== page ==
Broad categories that can be reported include:

  • Consolidation, joint ventures and roll-ups of healthcare providers or companies
  • Limiting choice and fair wages for healthcare employees
  • Collusion or price fixing among competitors
  • Preventing transparency
  • Healthcare contract language and other practices that restrict competition
  • Anticompetitive uses of healthcare data

A point of emphasis

The task force and portal join a list of Biden administration programs intended to promote competition in the industry.

For example, in late 2022, the DOJ and the HHS Office of Inspector General announced a joint initiative to enhance their oversight of potentially anticompetitive transactions and practices.

In March, the DOJ, FTC and HHS issued a request for information (with comments due by June 5) on the effects of consolidation in healthcare, starting with private-equity transactions.

From a policy standpoint, arguably the biggest development under the current administration was the issuance late last year of new merger guidelines. Among other shifts, the guidelines have reduced the thresholds that determine whether a transaction merits scrutiny based on market concentration. They also take a more expansive view of vertical consolidation that warrants investigation.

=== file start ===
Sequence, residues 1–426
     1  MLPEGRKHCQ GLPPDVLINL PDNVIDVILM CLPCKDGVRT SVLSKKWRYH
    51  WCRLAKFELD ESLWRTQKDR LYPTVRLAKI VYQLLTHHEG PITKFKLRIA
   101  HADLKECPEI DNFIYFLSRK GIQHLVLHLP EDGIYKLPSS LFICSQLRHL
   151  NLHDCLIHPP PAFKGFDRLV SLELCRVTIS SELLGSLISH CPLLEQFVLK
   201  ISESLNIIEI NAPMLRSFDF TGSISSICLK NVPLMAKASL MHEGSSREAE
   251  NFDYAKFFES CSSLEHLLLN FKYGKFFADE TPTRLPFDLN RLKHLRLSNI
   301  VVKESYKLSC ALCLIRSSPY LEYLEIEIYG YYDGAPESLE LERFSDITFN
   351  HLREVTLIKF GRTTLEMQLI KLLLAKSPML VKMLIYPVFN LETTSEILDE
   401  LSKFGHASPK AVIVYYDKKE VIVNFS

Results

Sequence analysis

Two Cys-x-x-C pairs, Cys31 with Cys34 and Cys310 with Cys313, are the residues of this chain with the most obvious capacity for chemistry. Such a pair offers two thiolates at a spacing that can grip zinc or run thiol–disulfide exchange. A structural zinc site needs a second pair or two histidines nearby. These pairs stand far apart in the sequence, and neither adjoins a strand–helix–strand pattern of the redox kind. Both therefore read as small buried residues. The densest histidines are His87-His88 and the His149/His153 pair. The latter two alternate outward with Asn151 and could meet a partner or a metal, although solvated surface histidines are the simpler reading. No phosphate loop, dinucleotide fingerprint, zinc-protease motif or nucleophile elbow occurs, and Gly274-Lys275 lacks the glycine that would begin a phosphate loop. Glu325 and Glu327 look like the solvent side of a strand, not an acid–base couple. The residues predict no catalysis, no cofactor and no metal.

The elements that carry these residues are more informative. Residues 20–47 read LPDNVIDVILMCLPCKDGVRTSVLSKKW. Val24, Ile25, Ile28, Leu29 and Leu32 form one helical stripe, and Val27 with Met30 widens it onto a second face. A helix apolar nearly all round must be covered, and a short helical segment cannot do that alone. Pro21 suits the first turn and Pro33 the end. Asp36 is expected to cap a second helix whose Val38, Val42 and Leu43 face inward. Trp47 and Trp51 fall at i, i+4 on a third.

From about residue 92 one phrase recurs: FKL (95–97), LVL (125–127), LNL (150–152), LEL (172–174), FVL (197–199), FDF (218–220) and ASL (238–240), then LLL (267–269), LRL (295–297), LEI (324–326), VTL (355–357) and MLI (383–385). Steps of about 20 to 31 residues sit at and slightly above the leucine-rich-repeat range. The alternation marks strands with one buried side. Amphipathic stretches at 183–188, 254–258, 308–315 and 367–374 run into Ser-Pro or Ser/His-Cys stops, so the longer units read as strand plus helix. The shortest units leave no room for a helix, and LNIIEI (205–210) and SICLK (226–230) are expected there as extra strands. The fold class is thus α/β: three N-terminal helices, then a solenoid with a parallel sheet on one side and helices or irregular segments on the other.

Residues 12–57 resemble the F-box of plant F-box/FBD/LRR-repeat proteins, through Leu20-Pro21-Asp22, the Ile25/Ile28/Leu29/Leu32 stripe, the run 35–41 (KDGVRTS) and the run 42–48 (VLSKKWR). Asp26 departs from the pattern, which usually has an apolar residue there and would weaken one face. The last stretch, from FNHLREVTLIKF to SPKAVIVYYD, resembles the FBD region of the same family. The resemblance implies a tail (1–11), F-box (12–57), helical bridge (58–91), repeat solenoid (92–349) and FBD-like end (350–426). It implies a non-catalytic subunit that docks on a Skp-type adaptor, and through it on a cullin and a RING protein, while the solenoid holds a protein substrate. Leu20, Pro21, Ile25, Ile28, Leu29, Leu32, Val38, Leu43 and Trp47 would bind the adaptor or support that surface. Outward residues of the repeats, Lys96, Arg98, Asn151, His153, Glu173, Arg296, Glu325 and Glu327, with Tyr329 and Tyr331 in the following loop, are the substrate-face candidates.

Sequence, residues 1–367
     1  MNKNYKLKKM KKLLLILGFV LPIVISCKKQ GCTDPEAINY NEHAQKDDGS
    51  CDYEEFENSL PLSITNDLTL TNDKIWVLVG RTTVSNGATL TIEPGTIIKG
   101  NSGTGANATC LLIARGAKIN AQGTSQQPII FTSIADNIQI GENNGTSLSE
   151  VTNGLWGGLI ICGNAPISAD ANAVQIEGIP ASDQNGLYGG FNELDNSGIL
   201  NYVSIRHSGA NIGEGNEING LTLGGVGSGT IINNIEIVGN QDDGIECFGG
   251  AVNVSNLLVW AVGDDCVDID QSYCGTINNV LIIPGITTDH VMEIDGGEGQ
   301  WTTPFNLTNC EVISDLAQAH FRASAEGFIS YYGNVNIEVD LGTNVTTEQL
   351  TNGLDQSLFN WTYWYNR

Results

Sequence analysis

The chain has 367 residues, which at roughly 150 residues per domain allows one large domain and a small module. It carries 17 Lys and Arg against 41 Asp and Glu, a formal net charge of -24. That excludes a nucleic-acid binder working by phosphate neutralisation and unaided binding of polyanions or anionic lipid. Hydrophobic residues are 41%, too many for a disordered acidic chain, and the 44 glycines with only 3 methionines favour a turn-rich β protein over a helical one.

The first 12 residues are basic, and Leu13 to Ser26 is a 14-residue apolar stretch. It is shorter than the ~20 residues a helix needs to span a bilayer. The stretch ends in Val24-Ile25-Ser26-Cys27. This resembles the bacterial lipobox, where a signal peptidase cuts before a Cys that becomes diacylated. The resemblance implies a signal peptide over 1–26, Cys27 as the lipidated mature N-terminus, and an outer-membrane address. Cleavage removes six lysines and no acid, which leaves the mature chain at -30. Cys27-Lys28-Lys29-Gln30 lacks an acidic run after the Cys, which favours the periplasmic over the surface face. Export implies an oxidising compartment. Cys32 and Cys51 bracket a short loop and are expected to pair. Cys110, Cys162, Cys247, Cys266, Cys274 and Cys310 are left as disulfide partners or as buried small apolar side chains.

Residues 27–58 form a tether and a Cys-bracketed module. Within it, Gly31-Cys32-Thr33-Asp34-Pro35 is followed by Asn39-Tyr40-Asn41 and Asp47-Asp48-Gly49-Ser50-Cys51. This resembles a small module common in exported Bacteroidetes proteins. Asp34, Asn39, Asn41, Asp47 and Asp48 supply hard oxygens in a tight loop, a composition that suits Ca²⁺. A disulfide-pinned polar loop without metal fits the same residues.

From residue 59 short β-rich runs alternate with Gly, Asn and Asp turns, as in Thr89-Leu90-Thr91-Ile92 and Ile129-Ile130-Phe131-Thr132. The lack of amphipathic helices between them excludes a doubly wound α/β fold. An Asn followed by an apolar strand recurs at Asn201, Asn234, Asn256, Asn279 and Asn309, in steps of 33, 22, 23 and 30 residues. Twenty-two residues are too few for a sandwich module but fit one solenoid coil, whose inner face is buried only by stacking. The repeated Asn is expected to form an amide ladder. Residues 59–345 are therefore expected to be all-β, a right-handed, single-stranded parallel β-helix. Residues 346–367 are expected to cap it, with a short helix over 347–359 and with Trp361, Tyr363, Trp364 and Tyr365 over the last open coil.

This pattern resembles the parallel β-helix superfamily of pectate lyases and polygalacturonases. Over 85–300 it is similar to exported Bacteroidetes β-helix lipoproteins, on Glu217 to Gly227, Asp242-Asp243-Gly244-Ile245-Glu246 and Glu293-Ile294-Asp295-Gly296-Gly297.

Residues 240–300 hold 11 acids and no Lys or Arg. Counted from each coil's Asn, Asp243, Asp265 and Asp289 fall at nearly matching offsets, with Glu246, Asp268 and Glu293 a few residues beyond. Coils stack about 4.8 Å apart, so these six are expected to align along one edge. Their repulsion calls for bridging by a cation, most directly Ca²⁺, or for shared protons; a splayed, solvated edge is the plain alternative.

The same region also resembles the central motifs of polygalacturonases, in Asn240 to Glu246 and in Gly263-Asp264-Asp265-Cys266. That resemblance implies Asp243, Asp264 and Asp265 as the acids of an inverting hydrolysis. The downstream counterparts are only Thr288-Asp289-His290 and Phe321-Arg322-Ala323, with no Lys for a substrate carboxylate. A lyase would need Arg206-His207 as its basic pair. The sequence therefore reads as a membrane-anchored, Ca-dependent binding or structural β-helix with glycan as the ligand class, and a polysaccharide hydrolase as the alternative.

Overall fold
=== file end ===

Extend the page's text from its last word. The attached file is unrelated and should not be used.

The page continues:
Another noteworthy policy change was the 2023 withdrawal of three sets of nonbinding guidelines that had allowed for specified “safety zones” from antitrust enforcement. Those safe harbors allowed providers to engage in information sharing and group purchasing organizations, among other arrangements, while being reasonably assured they would not run afoul of antitrust law.

On the labor front, the FTC in April published non-compete regulations that will have a big impact on for-profit hospitals and also appear likely to affect clinical staffing arrangements at not-for-profit hospitals, unless a lawsuit filed by the business community succeeds in halting implementation.

Evolving to meet new dynamics

In the Post interview, Kanter said the increased emphasis on ensuring competition in healthcare stems from ongoing changes in the industry.